De La Warr reorganized the colony along the military lines that the company had envisioned. To that end, he implemented harsh civil regulations akin to what the English had imposed on their troops in the Netherlands and Ireland. Sir Thomas Dale subsequently added military regulations, and the combined orders were published in London under the title For The Colony in Virginea Britannia. Lawes Divine, Morall and Martiall, &c. (1612). The military regime stabilized Virginia, though it gave rise to choruses of complaints from the settlers and did little to ensure the colony's profitability.

De La Warr attacked the Algonquian-speaking Indians of Tsenacomoco with a fierceness and brutality that matched his fighting in Ireland. After an attack by the Paspahegh Indians, De La Warr's soldiers retaliated, killing the chief's captured wife and two children. Two villages of Warraskoyack Indians were burned and their corn stolen. Still, the bloodshed brought no resolution to the First Anglo-Powhatan War (1609–1614) by the time the governor left Virginia. Chronic ill health, including dysentery and scurvy, drove De La Warr to flee the colony in the spring of 1611 in search of relief. His abrupt return to London caused such consternation in the company that later in the year he defended himself by publishing The Relation of the Right Honourable the Lord De La-Warre, Lord Governour and Captaine Generall of the Colonie, Planted in Virginea.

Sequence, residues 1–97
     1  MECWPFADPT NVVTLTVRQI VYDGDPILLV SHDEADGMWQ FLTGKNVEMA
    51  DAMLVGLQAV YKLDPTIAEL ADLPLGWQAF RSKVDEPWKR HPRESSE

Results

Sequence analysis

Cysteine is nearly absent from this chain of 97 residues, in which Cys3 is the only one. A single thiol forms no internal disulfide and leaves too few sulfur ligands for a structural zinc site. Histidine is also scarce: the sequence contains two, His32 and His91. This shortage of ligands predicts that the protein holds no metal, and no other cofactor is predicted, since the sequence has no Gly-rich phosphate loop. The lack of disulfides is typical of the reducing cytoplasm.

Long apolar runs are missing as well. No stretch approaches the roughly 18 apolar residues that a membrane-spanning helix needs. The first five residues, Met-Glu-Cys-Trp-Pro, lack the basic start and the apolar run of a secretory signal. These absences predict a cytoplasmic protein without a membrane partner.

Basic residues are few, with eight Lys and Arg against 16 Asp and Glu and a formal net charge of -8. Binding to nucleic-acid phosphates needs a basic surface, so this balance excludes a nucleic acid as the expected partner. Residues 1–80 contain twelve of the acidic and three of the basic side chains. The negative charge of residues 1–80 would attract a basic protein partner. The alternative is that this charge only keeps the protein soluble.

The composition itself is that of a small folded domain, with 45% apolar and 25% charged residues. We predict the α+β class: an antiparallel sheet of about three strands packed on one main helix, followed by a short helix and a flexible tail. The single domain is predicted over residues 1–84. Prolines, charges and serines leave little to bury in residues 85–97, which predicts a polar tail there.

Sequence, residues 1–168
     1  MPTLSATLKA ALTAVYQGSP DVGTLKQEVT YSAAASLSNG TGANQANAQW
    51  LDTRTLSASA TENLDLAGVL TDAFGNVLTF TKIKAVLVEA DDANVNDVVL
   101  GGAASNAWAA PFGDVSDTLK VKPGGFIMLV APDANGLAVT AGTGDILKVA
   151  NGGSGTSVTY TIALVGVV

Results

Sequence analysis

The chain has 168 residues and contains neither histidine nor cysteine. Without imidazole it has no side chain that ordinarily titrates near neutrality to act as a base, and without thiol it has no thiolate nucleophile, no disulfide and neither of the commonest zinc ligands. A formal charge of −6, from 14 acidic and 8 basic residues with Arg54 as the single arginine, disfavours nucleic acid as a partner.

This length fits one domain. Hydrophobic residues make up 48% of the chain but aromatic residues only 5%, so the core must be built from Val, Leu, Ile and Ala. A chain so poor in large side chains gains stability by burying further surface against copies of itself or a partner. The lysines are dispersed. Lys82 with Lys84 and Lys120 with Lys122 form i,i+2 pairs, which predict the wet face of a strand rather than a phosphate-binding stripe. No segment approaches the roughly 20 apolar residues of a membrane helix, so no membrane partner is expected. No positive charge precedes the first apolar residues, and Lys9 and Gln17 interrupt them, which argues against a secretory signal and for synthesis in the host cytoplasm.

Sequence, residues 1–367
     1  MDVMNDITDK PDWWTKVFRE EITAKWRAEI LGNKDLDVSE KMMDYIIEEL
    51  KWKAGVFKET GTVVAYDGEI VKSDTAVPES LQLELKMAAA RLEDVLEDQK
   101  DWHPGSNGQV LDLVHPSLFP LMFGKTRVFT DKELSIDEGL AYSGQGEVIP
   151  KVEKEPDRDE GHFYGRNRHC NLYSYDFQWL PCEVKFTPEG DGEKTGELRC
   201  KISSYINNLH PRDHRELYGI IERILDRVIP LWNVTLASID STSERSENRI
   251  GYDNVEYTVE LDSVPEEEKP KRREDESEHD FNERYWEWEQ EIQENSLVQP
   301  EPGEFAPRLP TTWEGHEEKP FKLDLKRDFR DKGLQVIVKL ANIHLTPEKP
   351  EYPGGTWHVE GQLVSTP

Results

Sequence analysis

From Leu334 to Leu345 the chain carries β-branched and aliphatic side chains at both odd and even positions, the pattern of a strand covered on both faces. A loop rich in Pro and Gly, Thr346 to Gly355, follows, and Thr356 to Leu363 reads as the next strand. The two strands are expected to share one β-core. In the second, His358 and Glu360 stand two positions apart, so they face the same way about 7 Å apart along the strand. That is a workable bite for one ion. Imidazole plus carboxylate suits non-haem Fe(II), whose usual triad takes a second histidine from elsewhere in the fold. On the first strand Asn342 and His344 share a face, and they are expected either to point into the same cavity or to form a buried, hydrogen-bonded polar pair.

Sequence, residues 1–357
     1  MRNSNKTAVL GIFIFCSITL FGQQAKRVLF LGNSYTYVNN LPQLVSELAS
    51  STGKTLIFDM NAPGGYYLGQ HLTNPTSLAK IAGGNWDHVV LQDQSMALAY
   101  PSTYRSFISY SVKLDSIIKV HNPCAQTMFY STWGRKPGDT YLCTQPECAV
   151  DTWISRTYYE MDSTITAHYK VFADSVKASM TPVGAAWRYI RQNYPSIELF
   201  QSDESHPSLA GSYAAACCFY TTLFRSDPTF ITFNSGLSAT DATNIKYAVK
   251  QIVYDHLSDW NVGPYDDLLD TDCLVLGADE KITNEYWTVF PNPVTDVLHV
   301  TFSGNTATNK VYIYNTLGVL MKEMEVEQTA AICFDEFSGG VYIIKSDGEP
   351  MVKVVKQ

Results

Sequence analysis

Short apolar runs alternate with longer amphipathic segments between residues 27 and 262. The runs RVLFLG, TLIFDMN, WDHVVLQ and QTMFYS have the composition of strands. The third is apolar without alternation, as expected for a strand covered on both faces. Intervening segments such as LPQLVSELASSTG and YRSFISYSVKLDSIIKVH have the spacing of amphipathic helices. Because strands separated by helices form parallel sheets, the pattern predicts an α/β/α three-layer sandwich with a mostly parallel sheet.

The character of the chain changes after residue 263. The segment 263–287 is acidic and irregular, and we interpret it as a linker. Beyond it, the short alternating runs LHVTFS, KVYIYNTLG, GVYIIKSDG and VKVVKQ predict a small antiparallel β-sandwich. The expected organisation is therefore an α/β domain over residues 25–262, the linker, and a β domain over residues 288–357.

Three of De La Warr's brothers also took active parts in the colonization of Virginia. Francis West sailed to Virginia with Christopher Newport in 1608. He served on the governor's Council from 1609 until his death and as governor from November 1627 through February 1629. Nathaniel West and John West (1590–1659) may have gone to Virginia together in 1618. The latter established himself as a prominent military officer, a member of the Council, and acting governor from 1635 to 1637.

One of the early settlements on the James River, West and Shirley Hundred, probably acquired its name from the family names of the governor and his wife. Samuel Argall named a cape and a bay for De La Warr during voyages along the mid-Atlantic coast in 1610 and 1612. The river that empties into that bay and one of the principal Indian tribes that dwelled in its vicinity also acquired his name in English-language discourse, as did the American state, all spelled as one word, Delaware.